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VMware vSphere 6.7 Arrives with Stability and Security Enhancements

Posted November 7, 2018


Incremental point releases of software often translate to incremental improvements plus a few token feature enhancements. VMware has made every attempt to overcome those tendencies with the release of vSphere 6.7 and has upped its game in the update, focusing on security and standards adoption.

Security is on everyone's mind these days, and vSphere has made a number of improvements when it comes to security in vSphere 6.7, including support for Trusted Platform Module (TPM). Encryption is now enabled by default and adheres to the FIPS 140-2 standard.VMware vSphere 6.7

Another obvious focus for VMware is linking all things vSphere to the cloud. VMware Cloud on AWS has been publicly available for a little over a year and has seen steady growth, both in terms of users and regional availability.

vSphere 6.7 includes a new vCenter Server Hybrid Linked Mode that enables management insight across both on-premises and cloud-based resources. Other feature enhancements such as cross-cloud hot and cold migration make it simpler to migrate VMs in a hybrid cloud environment.

New Features in vSphere 6.7

While this release doesn't contain any tectonic features, it does have a number of new and improved capabilities to enhance the overall experience for users and admins. Besides the security improvements already mentioned, a number of performance-related enhancements, including persistent memory support, debut in vSphere 6.7.

ESXi Quick Boot is a new capability developed jointly with a number of major server vendors that allows the ESXi Hypervisor to restart without rebooting the physical host. For large memory systems this greatly reduces the time required to reboot after a system update.

While Instant Clone was a feature added several releases ago, it has been enhanced in vSphere 6.7 with a new public Instant Clone API. With this update you no longer have a dependency on the source VM, allowing the creation of a fully independent new VM. It is derived from a running VM including the existing state.

This capability came out of the Horizon View world and will be especially welcomed by virtual desktop users. A community GitHub site for customized scripts has been created to help you get started with this new capability.

The vSphere 6.7 Client (see Figure 1) is still not 100% feature-complete in the HTML version. VMware has stated, however, that vSphere 6.7 will also be the last release with the Flash-based vSphere Client.

At VMworld 2018, VMware announced update 1 for vSphere 6.7 and indicated everything was on track to bring the HTML client into full compatibility with previous Flash-based and standalone versions.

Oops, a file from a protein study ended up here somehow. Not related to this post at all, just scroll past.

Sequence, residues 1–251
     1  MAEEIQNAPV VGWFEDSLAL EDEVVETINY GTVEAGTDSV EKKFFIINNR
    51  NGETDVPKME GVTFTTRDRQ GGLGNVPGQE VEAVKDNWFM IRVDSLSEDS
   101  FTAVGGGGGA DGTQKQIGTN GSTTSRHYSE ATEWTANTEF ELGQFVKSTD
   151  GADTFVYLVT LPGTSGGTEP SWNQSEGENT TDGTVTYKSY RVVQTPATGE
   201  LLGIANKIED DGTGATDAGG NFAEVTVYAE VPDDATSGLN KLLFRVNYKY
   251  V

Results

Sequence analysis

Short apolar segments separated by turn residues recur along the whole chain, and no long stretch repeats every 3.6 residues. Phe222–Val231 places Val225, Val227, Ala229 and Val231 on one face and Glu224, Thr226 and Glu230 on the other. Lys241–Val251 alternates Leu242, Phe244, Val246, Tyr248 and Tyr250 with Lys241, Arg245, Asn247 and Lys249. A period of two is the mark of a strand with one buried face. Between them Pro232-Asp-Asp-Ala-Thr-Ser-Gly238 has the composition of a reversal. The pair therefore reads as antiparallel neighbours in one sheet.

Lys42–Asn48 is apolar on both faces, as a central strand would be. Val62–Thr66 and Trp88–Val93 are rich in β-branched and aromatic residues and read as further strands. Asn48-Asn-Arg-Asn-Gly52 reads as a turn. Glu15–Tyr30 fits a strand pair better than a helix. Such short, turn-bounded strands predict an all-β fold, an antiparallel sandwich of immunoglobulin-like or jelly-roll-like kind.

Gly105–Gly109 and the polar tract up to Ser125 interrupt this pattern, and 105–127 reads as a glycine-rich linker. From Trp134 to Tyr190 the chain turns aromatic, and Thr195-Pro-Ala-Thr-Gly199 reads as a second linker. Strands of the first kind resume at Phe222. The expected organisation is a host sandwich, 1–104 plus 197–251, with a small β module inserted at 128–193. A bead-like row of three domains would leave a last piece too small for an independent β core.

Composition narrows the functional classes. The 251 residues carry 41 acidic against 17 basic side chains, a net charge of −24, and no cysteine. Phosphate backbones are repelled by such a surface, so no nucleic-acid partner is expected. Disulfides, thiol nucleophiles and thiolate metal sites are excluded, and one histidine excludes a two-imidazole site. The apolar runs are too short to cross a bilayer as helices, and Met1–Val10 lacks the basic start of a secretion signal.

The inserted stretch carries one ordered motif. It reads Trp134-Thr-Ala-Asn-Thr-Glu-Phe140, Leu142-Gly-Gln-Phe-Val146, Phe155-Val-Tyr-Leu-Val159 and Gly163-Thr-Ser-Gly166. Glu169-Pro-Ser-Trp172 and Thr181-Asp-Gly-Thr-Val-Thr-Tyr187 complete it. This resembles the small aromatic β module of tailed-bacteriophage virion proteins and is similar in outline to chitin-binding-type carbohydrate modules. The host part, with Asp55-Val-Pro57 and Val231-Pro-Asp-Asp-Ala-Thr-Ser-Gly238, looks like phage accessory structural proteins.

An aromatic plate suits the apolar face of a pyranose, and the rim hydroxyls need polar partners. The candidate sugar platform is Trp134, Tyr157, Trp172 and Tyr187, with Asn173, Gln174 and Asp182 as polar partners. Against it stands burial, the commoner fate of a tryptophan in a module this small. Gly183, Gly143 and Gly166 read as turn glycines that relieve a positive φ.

vCenter Server Appliance

VMware also announced that vSphere 6.7 will be the last version with support for vCenter Server for Windows. The migration plan is to move to the vCenter Server Appliance (VCSA) for all vCenter management.

A new migration tool makes this process easier and features the ability to keep historical performance data. Standardizing on VCSA will make it easier to support for VMware going forward and will bring stability to the management platform in the long term.

The latest installment of the vCenter Server Appliance (VCSA) brings a new deployment experience that simplifies the process (see Figure 2). Everything from the initial virtual machine provisioning to the configuration happens through the installer tool. You will need to have a DNS record created for the VCSA virtual machine before you start the process or it will fail.

A new backup scheduler allows administrators to automatically back up the appliance with no further user intervention (see Figure 3). Backups can optionally be encrypted as well by simply entering a password.

Protocols supported for backup include FTPS, HTTPS, SCP, FTP and HTTP. The restore process has also been improved with a new backup archive browser. Once the backup location has been entered, a listing of available files will be displayed. It's also possible to search for files on a backup server.

Security in VMware vSphere 6.7

The Trusted Platform Module (TPM), now at version 2.0, is a hardware chip included with most newer server systems that is designed to enhance security features such as the generation of crypto keys and the authentication of hardware devices. Virtual TPM 2.0 brings hardware-level security features to guest operating systems.

It's also simpler to encrypt virtual machines in this release. From the list of VMs in the vSphere Client, simply select Edit Settings, then VM Options, followed by enabling encryption. This still requires a key management server (KMS) to handle the storage and management of encryption keys. VMware supports a number of KMS vendors, including Dell EMC, HyTrust, IBM and others.

Credential Guard is a feature of Windows 10 that utilizes hardware and software virtualization to enhance security. It's also known as virtualization-based security (VBS) and has become quite popular in the enterprise space.

vSphere 6.7 now fully supports Microsoft VBS for Windows guest operating systems to include everything necessary such as UEFI firmware and secure boot. TPM 2.0 is used to secure credentials and is implemented in the guest as virtual TPM or vTPM.

Bottom Line

vSphere 6.7 is a solid release with many enhancements and improvements you'll want to consider. While not all enterprises will implement every point release, you'll find enough value in this release to at least evaluate it for your environment. The security enhancements alone should be worth the time and effort.


Paul Ferrill, based in Chelsea, Alabama, has been writing about computers and software for almost 20 years. He has programmed in more languages than he cares to count, but now leans toward Visual Basic and C#.

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